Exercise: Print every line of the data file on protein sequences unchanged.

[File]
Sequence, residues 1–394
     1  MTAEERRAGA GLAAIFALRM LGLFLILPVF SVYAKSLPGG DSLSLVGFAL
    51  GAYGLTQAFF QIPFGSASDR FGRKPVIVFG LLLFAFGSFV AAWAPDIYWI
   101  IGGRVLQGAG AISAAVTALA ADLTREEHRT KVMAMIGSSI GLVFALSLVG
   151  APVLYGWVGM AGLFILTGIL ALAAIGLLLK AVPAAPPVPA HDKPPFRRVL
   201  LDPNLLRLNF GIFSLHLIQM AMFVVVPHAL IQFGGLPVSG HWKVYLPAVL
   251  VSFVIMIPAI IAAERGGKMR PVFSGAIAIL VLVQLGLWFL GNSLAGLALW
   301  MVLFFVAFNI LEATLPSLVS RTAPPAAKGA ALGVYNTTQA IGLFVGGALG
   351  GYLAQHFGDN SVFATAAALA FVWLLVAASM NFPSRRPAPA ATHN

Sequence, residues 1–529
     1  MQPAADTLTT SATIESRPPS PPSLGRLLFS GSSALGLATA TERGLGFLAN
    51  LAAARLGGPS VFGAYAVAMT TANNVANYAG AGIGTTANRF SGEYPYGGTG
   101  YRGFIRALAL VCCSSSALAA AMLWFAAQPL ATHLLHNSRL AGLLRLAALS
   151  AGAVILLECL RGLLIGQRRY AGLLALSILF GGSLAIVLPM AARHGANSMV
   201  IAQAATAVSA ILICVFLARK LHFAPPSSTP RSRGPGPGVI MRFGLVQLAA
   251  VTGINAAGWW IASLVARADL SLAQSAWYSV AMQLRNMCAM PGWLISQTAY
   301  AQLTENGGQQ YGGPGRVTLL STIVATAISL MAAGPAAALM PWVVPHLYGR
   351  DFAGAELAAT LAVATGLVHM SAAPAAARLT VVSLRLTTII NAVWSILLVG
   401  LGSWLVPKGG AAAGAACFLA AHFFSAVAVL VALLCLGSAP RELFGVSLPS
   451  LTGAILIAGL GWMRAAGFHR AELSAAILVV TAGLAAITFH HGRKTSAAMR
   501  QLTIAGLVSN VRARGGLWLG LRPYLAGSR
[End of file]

Sequence, residues 1–394
     1  MTAEERRAGA GLAAIFALRM LGLFLILPVF SVYAKSLPGG DSLSLVGFAL
    51  GAYGLTQAFF QIPFGSASDR FGRKPVIVFG LLLFAFGSFV AAWAPDIYWI
   101  IGGRVLQGAG AISAAVTALA ADLTREEHRT KVMAMIGSSI GLVFALSLVG
   151  APVLYGWVGM AGLFILTGIL ALAAIGLLLK AVPAAPPVPA HDKPPFRRVL
   201  LDPNLLRLNF GIFSLHLIQM AMFVVVPHAL IQFGGLPVSG HWKVYLPAVL
   251  VSFVIMIPAI IAAERGGKMR PVFSGAIAIL VLVQLGLWFL GNSLAGLALW
   301  MVLFFVAFNI LEATLPSLVS RTAPPAAKGA ALGVYNTTQA IGLFVGGALG
   351  GYLAQHFGDN SVFATAAALA FVWLLVAASM NFPSRRPAPA ATHN

Sequence, residues 1–529
     1  MQPAADTLTT SATIESRPPS PPSLGRLLFS GSSALGLATA TERGLGFLAN
    51  LAAARLGGPS VFGAYAVAMT TANNVANYAG AGIGTTANRF SGEYPYGGTG
   101  YRGFIRALAL VCCSSSALAA AMLWFAAQPL ATHLLHNSRL AGLLRLAALS
   151  AGAVILLECL RGLLIGQRRY AGLLALSILF GGSLAIVLPM AARHGANSMV
   201  IAQAATAVSA ILICVFLARK LHFAPPSSTP RSRGPGPGVI MRFGLVQLAA
   251  VTGINAAGWW IASLVARADL SLAQSAWYSV AMQLRNMCAM PGWLISQTAY
   301  AQLTENGGQQ YGGPGRVTLL STIVATAISL MAAGPAAALM PWVVPHLYGR
   351  DFAGAELAAT LAVATGLVHM SAAPAAARLT VVSLRLTTII NAVWSILLVG
   401  LGSWLVPKGG AAAGAACFLA AHFFSAVAVL VALLCLGSAP RELFGVSLPS
   451  LTGAILIAGL GWMRAAGFHR AELSAAILVV TAGLAAITFH HGRKTSAAMR
   501  QLTIAGLVSN VRARGGLWLG LRPYLAGSR